Molbaks Poinsettia Festival - Woodinville - For our family, a holiday tradition is a walk through this Woodinville nursery to enjoy everything holiday - trees, decorations, carolers strolling the aisles, Danish kringle samples and, of course, the huge display of poinsettias.  This year there are 22 different varieties of poinsettias from jingle bell rock, classic Christmas beauty to princettia pink and premium ice crystals -plus a 10' tall Christmas tree made entirely of poinsettias - a classic spot for family photo.  Free

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Seattle Themed books for Adults

As a follow up to my previous post on Seattle-centric books for kids, I am now sharing some of my favorite books for adults:

As I previewed in the last blog, The Boys in the Boat, by Daniel James Brown in a great read.  This nonfiction story is set during the Great Depression and tells the story of the University of Washington’s eight-oar crew team as they qualified to compete in the Berlin Olympics.   An inspiring read and a wonderful introduction to Seattle, University of Washington and the lake you see all around you - Lake Washington.

Where'd You Go, Bernadette is a fun, light novel with many Seattle cultural references writen by Maria Semple.  Bernadette Fox is notorious. To her Microsoft-guru husband, she's a fearlessly opinionated partner; to fellow private-school mothers in Seattle, she's a disgrace; to design mavens, she's a revolutionary architect, and to 15-year-old Bee, she is a best friend and, simply, Mom. Then Bernadette disappears. To find her mother, Bee compiles email messages, official documents, secret correspondence--creating a compulsively readable and touching novel about misplaced genius and a mother and daughter's role in an absurd world.

Hotel on the Corner of Bitter and Sweet: This is an old-fashioned historical novel that alternates between the early 1940s and 1984 written by Jamie Ford.  The story focuses on Henry Lee, a 12-year-old Chinese boy who falls in love with Keiko Okabe, a 12-year-old Japanese girl, while they are scholarship students at a prestigious private school during the World War II time period in Seattle. The story alternates between this time period and the 1980's when the belongings of Japanese immigrants interned during WWII were found in the basement of the Panama Hotel. *This book is on several middle school reading lists - as it is appropriate for adults and teens.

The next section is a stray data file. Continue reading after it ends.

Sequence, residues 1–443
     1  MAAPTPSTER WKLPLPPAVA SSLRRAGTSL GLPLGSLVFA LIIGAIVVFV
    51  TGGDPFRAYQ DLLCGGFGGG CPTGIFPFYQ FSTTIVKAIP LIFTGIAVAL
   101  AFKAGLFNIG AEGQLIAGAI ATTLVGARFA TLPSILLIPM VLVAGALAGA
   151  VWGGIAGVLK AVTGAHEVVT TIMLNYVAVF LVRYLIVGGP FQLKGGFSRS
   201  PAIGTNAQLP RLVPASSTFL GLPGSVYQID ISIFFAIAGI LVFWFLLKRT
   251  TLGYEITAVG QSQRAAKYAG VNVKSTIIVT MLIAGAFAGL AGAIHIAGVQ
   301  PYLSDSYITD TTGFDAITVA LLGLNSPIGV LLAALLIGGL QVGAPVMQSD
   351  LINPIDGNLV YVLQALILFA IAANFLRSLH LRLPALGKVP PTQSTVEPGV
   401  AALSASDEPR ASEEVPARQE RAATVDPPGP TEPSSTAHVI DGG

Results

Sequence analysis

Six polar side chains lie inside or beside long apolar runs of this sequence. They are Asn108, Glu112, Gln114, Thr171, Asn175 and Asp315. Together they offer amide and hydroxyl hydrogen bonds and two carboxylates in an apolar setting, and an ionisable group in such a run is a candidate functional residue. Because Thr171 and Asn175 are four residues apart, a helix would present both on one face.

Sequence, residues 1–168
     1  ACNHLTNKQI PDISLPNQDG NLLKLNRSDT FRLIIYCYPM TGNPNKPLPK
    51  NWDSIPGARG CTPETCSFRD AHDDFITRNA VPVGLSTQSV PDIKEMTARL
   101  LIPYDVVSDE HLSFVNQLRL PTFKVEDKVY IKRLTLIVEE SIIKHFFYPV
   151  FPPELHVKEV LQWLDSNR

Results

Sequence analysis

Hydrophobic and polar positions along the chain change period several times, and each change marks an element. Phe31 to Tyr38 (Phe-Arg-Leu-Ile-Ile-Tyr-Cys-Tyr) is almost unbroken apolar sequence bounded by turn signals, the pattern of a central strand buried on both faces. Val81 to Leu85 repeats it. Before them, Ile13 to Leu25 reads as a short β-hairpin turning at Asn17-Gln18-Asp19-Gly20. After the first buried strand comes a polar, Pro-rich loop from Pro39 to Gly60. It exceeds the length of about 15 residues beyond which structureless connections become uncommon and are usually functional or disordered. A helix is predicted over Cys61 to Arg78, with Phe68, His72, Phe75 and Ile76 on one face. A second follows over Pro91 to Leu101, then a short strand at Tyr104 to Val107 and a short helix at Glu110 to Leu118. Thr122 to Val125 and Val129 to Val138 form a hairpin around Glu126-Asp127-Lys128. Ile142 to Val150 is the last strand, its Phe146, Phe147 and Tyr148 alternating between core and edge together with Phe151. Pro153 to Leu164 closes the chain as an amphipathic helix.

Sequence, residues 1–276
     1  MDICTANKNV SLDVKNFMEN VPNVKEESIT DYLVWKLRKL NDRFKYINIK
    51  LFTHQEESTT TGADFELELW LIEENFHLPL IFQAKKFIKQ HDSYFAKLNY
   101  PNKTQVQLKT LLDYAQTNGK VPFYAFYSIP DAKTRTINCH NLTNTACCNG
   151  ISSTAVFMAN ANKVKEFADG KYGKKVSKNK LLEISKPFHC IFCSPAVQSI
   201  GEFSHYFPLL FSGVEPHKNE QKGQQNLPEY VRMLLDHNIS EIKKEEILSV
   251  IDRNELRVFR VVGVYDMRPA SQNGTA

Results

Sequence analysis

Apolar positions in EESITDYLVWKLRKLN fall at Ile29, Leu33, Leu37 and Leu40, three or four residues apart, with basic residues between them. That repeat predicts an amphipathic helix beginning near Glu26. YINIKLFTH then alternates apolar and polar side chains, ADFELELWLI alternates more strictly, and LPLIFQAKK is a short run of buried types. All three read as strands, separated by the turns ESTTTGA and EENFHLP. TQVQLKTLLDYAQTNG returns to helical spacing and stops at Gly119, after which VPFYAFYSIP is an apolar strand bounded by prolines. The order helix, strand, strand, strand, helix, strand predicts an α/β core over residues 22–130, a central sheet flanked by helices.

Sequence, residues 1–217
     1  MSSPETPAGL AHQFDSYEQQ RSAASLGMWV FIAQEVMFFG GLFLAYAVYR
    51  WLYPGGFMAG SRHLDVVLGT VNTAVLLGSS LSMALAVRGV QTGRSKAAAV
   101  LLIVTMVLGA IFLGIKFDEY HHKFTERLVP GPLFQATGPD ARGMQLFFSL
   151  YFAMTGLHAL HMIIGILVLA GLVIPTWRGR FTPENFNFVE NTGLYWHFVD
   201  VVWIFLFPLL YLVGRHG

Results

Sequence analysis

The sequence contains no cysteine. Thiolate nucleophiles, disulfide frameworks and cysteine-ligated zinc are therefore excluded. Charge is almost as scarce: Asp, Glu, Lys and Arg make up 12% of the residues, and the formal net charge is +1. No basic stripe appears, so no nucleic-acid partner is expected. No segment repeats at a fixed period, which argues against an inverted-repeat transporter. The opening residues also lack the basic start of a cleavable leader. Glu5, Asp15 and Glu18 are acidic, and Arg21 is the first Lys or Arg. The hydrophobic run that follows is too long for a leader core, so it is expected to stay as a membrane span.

Also story revolving around World War II and the Japanese interment, David Guterson wrote the beautiful book - Snow Falling on Cedars.   Fighting the distrust and prejudice of his neighbors on a remote island in Puget Sound, a Japanese-American man who spent time in an internment camp during World War II, finds himself on trial for murder. The histories of the accused and the victim, both fishermen and residents of a small town unfold as newspaperman Ishmael Chambers embarks on a quest for the truth. Snow Falling on Cedars won the 1995 PEN/Faulkner Award.  

Some notable Seattle authors with novels set in the area include:  Tom Robbins, Sherman Alexie, Garth Stein, Jim Lynch, Timothy Egan and don't forget Seattle is home to Nancy Pearl, America's favorite librarian, NPR contributor and author of several books on books including Book Lust and Book Crush.  Rick Steves, the author and PBS travel show host is also from Seattle and is most likely the Seattleite holding the title of most books authored - I think last count was 100+ travel guides. 

For all the teens - there is always Stephenie Meyers.  Her Twilight Series, is set right here in the Olympic National Park area and the small town of  Forks, Washington. After you read the books you'll be ready to go tour the areas visited by Edward, Bella and Jacob.